U.S. citizenship Through Parents or by Birth

US citizenship Through Parents or by Birth


In general terms, a person can obtain U.S. citizenship through parents or by birth in one of four ways. In the first place is to be born in the United States or one of its territories. In the second place, if one’s parents are U.S. citizens, then one may be a U.S. citizen. This process is called “acquisition” of citizenship. In the third place, you can be a citizen through the naturalization process, which generally involves requesting and approving a citizenship test. Finally, you can become a citizen if one of your parents or both have been naturalized. This is called “derivation” of citizenship or U.S. citizenship Through Parents.

It may seem strange, but many people in the United States have already obtained their american citizenship without knowing it. These people can be grouped generally into three categories.

First, there are people who are born in the United States, but have lived most of his life outside the country. Some of these people mistakenly believe that you can lose your citizenship and naturalization by living outside of the country for a long period, but this is not so.

Then, there are people who are not considered citizens, even when they have ancestors who were U.S. citizens. It may be that, although that individual was born outside of the United States, is a citizen if their parents or grandparents were U.S. citizens.

Finally, some children minor children of naturalized U.S. citizens may incorrectly believe that they are not u.s. citizens. However, when parents become naturalized citizens, the children with green cards will also acquire american citizenship. This is because children under the age of 18 years normally may not apply for citizenship through the naturalization process.

Citizenship by Being Born in the United States

In most situations, any child that is born in the United States or one of its territories will automatically receive american citizenship. However, the children of diplomats and other foreign government officials recognized will not receive the United States citizenship if born in U.S. territory. You can get more information about it in the title 8 of the Code of the United States.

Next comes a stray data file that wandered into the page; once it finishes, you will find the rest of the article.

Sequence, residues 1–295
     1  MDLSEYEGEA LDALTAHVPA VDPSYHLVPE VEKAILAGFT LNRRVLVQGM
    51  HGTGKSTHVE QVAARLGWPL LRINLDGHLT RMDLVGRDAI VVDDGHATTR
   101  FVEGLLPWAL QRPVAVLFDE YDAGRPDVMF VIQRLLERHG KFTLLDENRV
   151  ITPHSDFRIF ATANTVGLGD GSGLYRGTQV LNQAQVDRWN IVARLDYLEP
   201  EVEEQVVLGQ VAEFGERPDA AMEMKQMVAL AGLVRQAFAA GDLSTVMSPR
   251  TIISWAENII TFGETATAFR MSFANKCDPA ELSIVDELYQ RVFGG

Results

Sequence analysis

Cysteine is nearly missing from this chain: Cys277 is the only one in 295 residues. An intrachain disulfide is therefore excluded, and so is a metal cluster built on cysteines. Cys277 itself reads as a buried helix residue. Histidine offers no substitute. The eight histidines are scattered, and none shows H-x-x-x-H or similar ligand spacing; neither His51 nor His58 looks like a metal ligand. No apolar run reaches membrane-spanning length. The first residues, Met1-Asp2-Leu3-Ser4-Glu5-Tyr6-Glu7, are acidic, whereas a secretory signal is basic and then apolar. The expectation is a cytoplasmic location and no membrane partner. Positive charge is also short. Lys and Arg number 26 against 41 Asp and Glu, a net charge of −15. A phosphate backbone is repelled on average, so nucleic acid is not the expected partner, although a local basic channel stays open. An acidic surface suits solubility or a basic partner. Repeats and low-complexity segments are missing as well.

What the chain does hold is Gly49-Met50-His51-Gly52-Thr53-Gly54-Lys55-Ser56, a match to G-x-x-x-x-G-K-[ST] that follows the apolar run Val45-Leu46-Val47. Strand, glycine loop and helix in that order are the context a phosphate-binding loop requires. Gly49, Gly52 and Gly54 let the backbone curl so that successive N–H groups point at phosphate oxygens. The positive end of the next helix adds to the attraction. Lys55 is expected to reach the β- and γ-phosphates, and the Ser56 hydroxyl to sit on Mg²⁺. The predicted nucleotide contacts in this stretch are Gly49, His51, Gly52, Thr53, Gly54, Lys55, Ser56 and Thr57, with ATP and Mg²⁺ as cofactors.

If you were born in the United States, your U.S. citizenship will last a lifetime, unless you waive this by using an affirmative action, such as when presenting an oath.

Citizenship by Being Born to U.S. Citizens

In certain situations, if at least one of your parents was a U.S. citizen at the time of your birth, you automatically get U.S. citizenship through the process of acquisition. It doesn’t matter if you were born in a U.S. territory or abroad. In the same way, if you have children, these would also acquire U.S. citizenship through you when you are born.

The laws pertaining to the citizenship by acquisition are some of the laws in matters of citizenship most complex of all and take into account aspects such as the citizenship of the parents and if the child was born or not in a legitimate marriage. This complexity has not diminished at all because Congress has considerably modified these laws throughout the history. To determine what laws apply in your case or in that of your child, you must first find out what time interval it belongs to:

  • Born prior to may 24, 1934
  • Born between may 25, 1934 and January 12, 1941
  • Born between January 13, 1941 and December 23, 1952
  • Born between December 24, 1952 and November 13, 1986
  • Born after November 14, 1986

Derivation of citizenship and naturalization of parents

A child can become a U.S. citizen through the process of derivation if one of his parents becomes a U.S. citizen through the naturalization process. However, at the time of the parent’s naturalization, the child must have a green card, be at least 18 years old and living with the father naturalized to be able to take advantage of these laws. Also, a child who becomes a U.S. resident, by using this special process does not have to go through the process of requesting and approving a naturalization test.

The laws relating to the derivation have changed a lot with the time, such as the laws that govern in the case of children who acquire citizenship at birth of parents of U.S. residents. To find out what type of laws apply in your case, you must find the date your parents were naturalized. The dates are the following:

  • Prior to May 24, 1934
  • Between May 24, 1934 and January 12, 1941
  • Between January 13, 1941 and December 23, 1952
  • Between December 24, 1952 and October 4, 1978
  • Between the 5 October 1978 and February 26, 2001
  • After February 27, 2001

Obtaining proof of citizenship

If you think being a u.s. citizen, you must acquire some type of document check, such as a passport, to make sure you receive all the benefits of citizenship.

Watch Acquiring U.S. Citizenship Through a Parent

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